The United States Air Force (USAF) awarded Raytheon Missiles and Defense a $985,348,124 contract to develop and demonstrate Hypersonic Attack Cruise Missile prototypes, underscoring the U.S. Air Force’s focus on increasing interoperability with allies and partners to stay ahead of strategic competitors.
Hypersonic Attack Cruise Missile (HACM) is an air-launched, scramjet-powered hypersonic weapon designed to hold high-value targets at risk in contested environments from standoff distances.
“HACM is a powerful example of developing and integrating combat capabilities alongside our partners from the beginning,” said Air Force Chief of Staff Gen. CQ Brown, Jr. “HACM will provide our commanders with tactical flexibility to employ fighters to hold high-value, time-sensitive targets at risk while maintaining bombers for other strategic targets.”
In 2020, the U.S. Air Force engaged in a multi-year, bilateral project arrangement with Australia known as the Southern Cross Integrated Flight Research Experiment to develop air-breathing hypersonic cruise missile prototypes.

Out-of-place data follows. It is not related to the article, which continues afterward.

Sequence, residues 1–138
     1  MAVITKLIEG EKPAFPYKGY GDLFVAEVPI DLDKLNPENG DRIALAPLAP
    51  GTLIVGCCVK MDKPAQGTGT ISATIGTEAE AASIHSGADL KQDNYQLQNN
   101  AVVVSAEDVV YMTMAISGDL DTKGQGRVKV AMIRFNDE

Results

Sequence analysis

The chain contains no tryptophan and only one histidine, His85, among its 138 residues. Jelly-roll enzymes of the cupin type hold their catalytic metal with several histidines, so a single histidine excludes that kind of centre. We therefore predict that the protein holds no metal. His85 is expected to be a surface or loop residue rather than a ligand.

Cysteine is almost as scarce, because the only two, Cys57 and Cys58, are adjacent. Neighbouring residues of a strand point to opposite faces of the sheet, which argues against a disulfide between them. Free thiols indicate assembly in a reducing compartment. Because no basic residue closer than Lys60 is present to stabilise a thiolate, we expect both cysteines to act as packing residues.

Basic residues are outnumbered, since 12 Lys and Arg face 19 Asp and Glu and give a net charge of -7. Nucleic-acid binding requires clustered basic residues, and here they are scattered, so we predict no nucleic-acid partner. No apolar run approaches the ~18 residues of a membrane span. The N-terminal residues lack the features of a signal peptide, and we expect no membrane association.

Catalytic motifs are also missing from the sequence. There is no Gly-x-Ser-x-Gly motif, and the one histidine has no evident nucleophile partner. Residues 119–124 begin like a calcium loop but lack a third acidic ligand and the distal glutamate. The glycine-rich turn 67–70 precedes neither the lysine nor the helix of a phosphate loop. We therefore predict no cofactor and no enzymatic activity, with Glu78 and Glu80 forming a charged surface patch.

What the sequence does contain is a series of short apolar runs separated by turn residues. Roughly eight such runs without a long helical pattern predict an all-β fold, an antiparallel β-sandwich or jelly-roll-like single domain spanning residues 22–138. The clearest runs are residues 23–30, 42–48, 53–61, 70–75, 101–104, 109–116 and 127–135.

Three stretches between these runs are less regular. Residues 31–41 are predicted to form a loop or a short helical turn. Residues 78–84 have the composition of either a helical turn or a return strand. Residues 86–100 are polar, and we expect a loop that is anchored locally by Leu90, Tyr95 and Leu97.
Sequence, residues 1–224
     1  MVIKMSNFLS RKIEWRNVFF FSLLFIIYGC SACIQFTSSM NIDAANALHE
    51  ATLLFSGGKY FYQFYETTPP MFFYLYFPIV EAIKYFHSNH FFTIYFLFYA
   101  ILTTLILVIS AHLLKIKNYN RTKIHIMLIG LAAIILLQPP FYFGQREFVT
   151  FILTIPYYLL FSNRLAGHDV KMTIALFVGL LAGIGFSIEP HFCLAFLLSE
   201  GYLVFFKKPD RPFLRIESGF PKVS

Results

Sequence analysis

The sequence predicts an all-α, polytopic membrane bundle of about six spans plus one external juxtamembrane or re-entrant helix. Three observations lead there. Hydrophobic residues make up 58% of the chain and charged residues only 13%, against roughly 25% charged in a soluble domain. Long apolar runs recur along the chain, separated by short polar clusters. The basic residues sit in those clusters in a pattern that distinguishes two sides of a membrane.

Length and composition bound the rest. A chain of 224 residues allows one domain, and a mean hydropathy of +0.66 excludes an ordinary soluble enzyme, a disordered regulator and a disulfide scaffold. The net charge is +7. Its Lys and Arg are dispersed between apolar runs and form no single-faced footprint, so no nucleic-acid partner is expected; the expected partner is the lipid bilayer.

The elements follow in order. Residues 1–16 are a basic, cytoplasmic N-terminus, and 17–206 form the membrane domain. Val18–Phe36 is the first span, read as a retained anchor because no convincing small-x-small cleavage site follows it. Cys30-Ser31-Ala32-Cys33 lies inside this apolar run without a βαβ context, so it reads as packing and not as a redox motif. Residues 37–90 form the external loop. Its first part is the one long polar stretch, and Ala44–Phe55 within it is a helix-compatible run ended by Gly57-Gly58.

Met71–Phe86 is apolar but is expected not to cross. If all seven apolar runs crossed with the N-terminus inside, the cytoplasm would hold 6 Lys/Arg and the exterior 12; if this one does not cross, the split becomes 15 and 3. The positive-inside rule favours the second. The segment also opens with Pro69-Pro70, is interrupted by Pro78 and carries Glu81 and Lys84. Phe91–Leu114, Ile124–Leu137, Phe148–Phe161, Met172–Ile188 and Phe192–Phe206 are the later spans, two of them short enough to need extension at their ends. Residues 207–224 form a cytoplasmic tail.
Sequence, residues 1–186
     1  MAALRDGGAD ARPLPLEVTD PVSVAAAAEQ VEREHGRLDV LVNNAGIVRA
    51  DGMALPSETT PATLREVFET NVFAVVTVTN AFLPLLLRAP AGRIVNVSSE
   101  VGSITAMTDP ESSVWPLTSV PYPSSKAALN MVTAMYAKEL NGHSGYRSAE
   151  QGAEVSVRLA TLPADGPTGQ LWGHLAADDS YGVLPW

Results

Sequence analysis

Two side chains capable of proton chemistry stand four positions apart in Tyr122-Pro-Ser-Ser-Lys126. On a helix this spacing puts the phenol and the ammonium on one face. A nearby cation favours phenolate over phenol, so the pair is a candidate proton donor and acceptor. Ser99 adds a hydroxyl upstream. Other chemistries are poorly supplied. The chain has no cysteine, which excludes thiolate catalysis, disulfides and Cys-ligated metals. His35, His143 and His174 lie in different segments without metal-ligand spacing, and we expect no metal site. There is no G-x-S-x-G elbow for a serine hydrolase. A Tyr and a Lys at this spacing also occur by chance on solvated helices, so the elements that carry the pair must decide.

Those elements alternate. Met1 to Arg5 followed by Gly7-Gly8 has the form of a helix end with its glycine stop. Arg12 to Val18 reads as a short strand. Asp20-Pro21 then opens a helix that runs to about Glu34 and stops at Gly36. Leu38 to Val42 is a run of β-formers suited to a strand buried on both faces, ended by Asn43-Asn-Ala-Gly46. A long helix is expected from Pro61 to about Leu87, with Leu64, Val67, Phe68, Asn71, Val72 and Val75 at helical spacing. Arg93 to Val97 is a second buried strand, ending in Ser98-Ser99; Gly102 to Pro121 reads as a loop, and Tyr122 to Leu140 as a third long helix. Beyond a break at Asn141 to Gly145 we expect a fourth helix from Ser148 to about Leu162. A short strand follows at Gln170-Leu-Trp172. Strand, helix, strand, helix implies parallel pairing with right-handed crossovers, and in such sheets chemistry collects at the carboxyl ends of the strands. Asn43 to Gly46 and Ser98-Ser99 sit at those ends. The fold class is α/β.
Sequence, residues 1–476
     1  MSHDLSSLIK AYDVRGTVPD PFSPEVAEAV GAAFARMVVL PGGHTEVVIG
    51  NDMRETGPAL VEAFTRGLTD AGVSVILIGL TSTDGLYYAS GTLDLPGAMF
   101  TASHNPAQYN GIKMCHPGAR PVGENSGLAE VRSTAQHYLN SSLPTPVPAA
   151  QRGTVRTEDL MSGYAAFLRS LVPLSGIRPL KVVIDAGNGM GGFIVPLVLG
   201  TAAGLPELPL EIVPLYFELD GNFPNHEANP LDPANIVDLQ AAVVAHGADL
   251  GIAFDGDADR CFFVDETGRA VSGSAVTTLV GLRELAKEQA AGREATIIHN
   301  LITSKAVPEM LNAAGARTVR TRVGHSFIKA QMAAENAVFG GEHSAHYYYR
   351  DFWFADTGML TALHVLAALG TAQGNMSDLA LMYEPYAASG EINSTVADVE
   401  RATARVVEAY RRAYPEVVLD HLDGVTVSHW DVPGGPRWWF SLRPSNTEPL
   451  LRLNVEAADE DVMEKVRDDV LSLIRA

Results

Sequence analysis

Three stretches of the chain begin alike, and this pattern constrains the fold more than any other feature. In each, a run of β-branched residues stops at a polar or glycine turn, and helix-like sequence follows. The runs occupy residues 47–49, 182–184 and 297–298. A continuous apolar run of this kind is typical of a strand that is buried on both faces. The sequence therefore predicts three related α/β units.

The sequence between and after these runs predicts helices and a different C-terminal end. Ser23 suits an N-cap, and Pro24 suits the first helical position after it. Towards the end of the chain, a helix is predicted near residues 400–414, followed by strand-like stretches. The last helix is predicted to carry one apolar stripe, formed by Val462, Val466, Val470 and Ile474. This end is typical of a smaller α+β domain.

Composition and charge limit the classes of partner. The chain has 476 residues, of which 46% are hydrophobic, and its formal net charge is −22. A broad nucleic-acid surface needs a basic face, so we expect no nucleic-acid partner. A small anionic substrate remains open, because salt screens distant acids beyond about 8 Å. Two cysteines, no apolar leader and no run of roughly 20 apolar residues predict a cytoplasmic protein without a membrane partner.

The Air Force awarded three 15-month SCIFiRE contracts in June 2021 to Boeing Co., Lockheed Martin Corp., and Raytheon Technologies Corp. to complete preliminary designs of a hypersonic cruise missile.
The HACM program will now operationalize the Raytheon SCIFiRE prototype design for fighter aircraft integration and deliver two leave-behind assets with operational utility.
“We have over a decade of cooperation with our Australian allies in the advancement of hypersonic technologies, and now we will bring that shared knowledge to bear to address urgent national defense requirements,” said Andrew Hunter, assistant secretary of the Air Force for acquisition, technology, and logistics.
Through the SCIFiRE agreement, the U.S. and Australia will continue collaborating on HACM design and development, including using Australian test infrastructure for the initial all-up-round flight tests.
Air Vice Marshal Robert Denney, AM, Head of Air Force Capability for the Royal Australian Air Force, said SCIFiRE is providing an opportunity to understand and influence the future of hypersonic weapons development and acquisition.
“SCIFiRE demonstrates our commitment with the U.S. to strengthen capability outcomes, deepen our alliance and strengthen our cooperation as we meet emerging challenges and support regional endeavors.”
The Air Force plans to deliver a HACM capability with operational utility by the fiscal year 2027.